Inspiration for film simulation recipes can come from unusual places. This recipe, for example, was inspired by a promotional photograph of Ron Howard for the movie American Graffiti hanging on the wall of Mels Diner in Reno, Nevada. A little trivia: Ron Howard shoots Fujifilm cameras—or, at least, he’s been spotted sporting an X100F. Anyway, it seems unlikely, but it’s true, that an old image of Ron Howard from 1973 hanging on the wall of a restaurant in Reno inspired a new recipe that will be used by hundreds—maybe thousands—of Fujifilm photographers across the world.
This particular picture, which you can see in the image below towards the left-side, had a cross-process look to it, like reversal film developed in negative film chemistry. Of course, cross-processed film can have many different looks, depending on several factors, including (especially) the film used. I have no idea what film or process was used for that Ron Howard picture—I tried researching it, but came up empty; however, while I was waiting for my dinner to arrive at the table, I fiddled with the settings on my Fujifilm X100V and created a facsimile to that picture aesthetic.
The photographer who captured the picture is most likely Dennis Stock. I couldn’t find a whole lot about what films he used for his color photographs or his darkroom techniques. Dennis was a legendary Magnum photographer who was best known for his celebrity photographs. His picture might not actually be cross-processed film, but it has a cross-processed look nonetheless.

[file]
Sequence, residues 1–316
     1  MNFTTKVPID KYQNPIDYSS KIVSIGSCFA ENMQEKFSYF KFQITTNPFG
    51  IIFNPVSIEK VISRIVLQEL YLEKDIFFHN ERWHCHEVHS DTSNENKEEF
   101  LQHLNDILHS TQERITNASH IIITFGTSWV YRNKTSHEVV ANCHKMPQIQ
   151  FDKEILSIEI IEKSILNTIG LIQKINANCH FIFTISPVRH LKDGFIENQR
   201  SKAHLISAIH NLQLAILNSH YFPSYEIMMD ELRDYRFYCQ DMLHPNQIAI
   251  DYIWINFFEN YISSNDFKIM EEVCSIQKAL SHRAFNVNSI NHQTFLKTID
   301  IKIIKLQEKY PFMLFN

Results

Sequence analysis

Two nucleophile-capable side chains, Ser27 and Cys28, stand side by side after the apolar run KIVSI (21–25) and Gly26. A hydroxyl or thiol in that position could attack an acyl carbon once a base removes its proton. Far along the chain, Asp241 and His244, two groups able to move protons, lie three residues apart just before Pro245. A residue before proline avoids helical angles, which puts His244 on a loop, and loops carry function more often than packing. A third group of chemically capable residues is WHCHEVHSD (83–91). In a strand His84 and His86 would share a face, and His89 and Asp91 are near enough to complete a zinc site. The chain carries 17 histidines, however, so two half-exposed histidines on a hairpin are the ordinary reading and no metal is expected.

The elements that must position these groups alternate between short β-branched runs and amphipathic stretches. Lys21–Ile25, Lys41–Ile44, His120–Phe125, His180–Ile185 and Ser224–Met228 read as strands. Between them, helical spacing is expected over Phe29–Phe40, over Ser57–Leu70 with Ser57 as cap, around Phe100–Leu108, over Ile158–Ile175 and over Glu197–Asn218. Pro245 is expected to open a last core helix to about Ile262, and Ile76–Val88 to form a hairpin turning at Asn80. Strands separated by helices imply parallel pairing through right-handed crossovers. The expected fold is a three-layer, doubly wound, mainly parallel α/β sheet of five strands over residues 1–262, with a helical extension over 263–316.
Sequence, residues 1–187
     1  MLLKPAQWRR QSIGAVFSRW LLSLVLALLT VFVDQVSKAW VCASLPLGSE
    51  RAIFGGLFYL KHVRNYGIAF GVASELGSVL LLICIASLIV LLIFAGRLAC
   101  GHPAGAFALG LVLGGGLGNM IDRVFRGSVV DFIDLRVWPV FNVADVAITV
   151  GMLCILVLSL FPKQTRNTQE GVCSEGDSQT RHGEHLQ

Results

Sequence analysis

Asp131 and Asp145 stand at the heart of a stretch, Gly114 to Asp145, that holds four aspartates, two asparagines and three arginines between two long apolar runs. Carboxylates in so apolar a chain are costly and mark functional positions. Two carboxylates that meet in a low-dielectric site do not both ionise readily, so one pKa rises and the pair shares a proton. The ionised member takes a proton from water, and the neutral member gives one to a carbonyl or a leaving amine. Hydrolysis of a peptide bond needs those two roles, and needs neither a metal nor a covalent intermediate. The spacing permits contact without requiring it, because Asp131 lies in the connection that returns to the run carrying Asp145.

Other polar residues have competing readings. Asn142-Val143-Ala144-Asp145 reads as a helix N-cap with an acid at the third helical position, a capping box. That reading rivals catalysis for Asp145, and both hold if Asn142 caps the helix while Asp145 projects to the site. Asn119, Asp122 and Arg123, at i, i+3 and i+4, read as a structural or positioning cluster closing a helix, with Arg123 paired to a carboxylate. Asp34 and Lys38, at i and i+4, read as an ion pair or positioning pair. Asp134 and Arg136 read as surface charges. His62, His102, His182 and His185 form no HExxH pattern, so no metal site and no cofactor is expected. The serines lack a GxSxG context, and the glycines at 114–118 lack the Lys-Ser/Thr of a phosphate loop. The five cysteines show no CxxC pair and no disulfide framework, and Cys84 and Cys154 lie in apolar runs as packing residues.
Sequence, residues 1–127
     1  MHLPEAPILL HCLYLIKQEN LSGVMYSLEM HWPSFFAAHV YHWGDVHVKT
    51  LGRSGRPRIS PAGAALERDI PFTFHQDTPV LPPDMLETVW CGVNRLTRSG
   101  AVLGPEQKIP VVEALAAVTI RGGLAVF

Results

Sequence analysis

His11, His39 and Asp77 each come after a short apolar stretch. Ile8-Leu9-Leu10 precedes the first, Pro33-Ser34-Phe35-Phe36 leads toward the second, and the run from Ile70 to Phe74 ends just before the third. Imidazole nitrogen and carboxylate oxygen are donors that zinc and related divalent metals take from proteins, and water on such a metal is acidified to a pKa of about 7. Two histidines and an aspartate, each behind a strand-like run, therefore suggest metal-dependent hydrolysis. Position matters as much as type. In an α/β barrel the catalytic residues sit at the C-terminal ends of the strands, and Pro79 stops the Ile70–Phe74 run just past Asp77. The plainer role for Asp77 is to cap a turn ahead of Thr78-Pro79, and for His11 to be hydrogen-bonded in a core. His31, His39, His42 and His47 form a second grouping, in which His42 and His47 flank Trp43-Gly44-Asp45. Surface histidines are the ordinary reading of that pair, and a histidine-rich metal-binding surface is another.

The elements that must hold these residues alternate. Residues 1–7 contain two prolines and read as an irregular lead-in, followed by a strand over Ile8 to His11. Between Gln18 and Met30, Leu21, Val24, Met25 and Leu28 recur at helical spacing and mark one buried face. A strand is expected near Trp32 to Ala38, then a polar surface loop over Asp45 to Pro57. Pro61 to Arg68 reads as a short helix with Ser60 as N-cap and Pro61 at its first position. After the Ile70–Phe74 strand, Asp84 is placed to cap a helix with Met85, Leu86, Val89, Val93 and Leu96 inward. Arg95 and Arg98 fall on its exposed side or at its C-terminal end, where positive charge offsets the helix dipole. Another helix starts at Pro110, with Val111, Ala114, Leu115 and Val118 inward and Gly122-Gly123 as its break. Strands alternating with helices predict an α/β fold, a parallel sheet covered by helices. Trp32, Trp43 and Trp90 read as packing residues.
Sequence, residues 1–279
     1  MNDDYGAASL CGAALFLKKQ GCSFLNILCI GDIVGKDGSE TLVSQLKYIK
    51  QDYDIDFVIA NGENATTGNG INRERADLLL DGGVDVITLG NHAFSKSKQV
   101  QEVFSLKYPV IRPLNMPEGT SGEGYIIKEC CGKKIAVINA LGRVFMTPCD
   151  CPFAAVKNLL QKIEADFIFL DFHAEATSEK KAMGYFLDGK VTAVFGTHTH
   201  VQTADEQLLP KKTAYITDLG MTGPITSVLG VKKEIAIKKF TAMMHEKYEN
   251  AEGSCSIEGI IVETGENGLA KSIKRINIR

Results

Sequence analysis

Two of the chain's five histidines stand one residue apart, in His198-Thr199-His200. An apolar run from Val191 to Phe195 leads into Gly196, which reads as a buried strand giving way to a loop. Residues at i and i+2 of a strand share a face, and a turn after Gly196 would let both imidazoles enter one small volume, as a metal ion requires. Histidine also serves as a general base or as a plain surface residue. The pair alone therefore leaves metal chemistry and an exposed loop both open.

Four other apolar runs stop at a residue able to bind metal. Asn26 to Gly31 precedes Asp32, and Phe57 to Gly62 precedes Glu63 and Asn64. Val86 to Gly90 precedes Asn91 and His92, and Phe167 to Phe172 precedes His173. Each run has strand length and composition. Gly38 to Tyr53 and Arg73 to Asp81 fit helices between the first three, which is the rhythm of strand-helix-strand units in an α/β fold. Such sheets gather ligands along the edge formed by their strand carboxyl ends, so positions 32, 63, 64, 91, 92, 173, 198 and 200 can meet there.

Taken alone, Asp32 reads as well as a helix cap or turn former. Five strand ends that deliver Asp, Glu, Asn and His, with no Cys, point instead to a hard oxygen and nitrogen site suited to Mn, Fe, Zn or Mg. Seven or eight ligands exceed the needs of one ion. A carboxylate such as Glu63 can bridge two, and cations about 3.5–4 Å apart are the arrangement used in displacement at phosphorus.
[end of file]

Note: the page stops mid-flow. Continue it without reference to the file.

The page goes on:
The reason why I named this recipe “Xpro ’62” is because Xpro is a common abbreviation for “cross-process” and 1962 is the year that American Graffiti takes place. Promotional posters for the movie often included the question, “Where were you in ’62?” I thought that “Xpro ’62” would be a logical fit. Because this film simulation recipe uses the Classic Negative film simulation and other new JPEG options available on the newer cameras, it is only compatible with (as of this writing) the Fujifilm X-Pro3, X100V, X-T4, X-S10 and X-E4. Also, for some of the pictures in this article I used a Tiffen 1/4 Black Pro Mist filter to diffuse the highlights (such as Empty Diner at the top).
Dynamic Range: DR400
Noise Reduction: -4
Grain Effect: Strong, Large
Color Chrome Effect: Strong
Color Chrome Effect Blue: Strong
White Balance: Auto, -3 Red & -9 Blue
ISO: Auto, up to ISO 6400
Exposure Compensation: 0 to +1/3 (typically)
Example photographs, all camera-made JPEGs using this new “Xpro ’62” film simulation recipe on my Fujifilm X100V:
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